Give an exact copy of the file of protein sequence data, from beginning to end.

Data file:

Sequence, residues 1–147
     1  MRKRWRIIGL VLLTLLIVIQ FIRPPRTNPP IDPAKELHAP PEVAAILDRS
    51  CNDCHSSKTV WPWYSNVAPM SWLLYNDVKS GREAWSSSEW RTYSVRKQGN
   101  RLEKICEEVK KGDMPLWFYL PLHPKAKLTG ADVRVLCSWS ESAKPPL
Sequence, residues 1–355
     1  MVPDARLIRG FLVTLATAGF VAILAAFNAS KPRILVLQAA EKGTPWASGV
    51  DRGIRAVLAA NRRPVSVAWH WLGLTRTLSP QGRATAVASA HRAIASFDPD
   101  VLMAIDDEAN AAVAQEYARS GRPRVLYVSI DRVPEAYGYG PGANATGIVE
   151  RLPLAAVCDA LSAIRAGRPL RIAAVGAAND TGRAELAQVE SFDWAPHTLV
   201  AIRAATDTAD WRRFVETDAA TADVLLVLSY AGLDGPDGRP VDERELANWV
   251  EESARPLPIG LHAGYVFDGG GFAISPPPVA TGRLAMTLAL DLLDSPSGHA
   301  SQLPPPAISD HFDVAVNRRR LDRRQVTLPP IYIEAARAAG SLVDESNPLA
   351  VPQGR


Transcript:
Sequence, residues 1–147
     1  MRKRWRIIGL VLLTLLIVIQ FIRPPRTNPP IDPAKELHAP PEVAAILDRS
    51  CNDCHSSKTV WPWYSNVAPM SWLLYNDVKS GREAWSSSEW RTYSVRKQGN
   101  RLEKICEEVK KGDMPLWFYL PLHPKAKLTG ADVRVLCSWS ESAKPPL
Sequence, residues 1–355
     1  MVPDARLIRG FLVTLATAGF VAILAAFNAS KPRILVLQAA EKGTPWASGV
    51  DRGIRAVLAA NRRPVSVAWH WLGLTRTLSP QGRATAVASA HRAIASFDPD
   101  VLMAIDDEAN AAVAQEYARS GRPRVLYVSI DRVPEAYGYG PGANATGIVE
   151  RLPLAAVCDA LSAIRAGRPL RIAAVGAAND TGRAELAQVE SFDWAPHTLV
   201  AIRAATDTAD WRRFVETDAA TADVLLVLSY AGLDGPDGRP VDERELANWV
   251  EESARPLPIG LHAGYVFDGG GFAISPPPVA TGRLAMTLAL DLLDSPSGHA
   301  SQLPPPAISD HFDVAVNRRR LDRRQVTLPP IYIEAARAAG SLVDESNPLA
   351  VPQGR